‘Travels with George’ Stories from Washington, Massachusetts

The streets of Shrewsbury were packed with people on October 30, 1789, hoping to spot President George Washington on his way from Worcester to Boston.

But a young girl was not impressed.

Washington wore a plain brown suit, surrounded by an entourage of smartly dressed soldiers. The young girl seemed disappointed.

“… .That fiery 10-year-old young woman… refused her bow and turned her back on her, exclaimed, ‘She’s nothing but a man.’ “

This is just an anecdote shared by author Nathaniel Philbrick in his latest book, “Travels with George: In Search of Washington & His Legacy”, published by Pilgrim and released last month.

The book follows the newly elected President Washington as he traveled to all states after the War of Independence in an attempt to unite the country into one, Philbrick said.

“We think of Washington as the man of marble, the man who looks at us from the dollar bill, but he was a man who loved to travel,” Philbrick said. “He was a traveler like us.

Inspired by Steinbeck, trip to Brown University

The idea for the book came from two inspirations: the John Steinbeck classic, “Travels With Charley” and a visit to Brown University in Providence, Rhode Island, where a car Washington once used is located.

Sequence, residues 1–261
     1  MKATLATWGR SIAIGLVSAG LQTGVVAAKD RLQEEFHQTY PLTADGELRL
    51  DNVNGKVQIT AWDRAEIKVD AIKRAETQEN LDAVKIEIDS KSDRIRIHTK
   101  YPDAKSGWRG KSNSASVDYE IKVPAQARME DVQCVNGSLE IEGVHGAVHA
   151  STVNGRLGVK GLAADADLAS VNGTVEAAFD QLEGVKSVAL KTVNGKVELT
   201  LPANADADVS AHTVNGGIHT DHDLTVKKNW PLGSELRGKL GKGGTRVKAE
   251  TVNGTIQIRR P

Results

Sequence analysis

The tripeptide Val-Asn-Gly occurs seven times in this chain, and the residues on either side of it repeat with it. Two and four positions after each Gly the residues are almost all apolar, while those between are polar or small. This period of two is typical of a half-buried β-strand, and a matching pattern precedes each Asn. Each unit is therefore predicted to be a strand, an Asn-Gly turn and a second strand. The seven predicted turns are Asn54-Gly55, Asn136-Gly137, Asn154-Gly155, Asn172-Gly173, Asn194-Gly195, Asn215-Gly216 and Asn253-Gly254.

Unlike Philbrick’s previous books, such as “Bunker Hill” and “Mayflower”, “Travels With George” is partially told in the first person, as he and his wife, Melissa, and their dog Dora decide to take a trip, following the Washington path. .

The trip, said Philbrick, was meaningful, especially during this time of political, social and racial turmoil. Like today, Washington’s weather was not easy. He was trying to unify a country that had just revolted against its motherland, and many did not look favorably on the new government taxing them.

“I think a lot of people thought his understanding of the situation was a lot more solid than it really was at the start,” Philbrick said.

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The latest book by author Nathaniel Philbrick,

The book repeatedly addresses Washington’s relationship with slavery. He owned several slaves, all of whom he freed upon his death, and seemed to want to eliminate the practice. At the same time, when one of his wife’s slaves escaped, he used his power in an attempt to capture and return her.

Slavery, said Philbrick, was a politically difficult subject to broach.

“He was so torn,” said the author. “The union meant a lot to him. The only way for the country to move forward (was) if the country regrouped. He also knew that if he had pushed the issue of slavery early in the presidency, the union would have collapsed. There would have been no nation.

Washington stops in Worcester, Shrewsbury, Milford and Weston

Washington made several stops in Massachusetts. Starting from Worcester and passing through Shrewsbury, where he heard the girl was unimpressed with him, he traveled to Weston to spend the night before heading to Boston.

Later, on his return trip to Philadelphia, Washington passed through Milford, where Philbrick wrote about a case involving Washington and a child.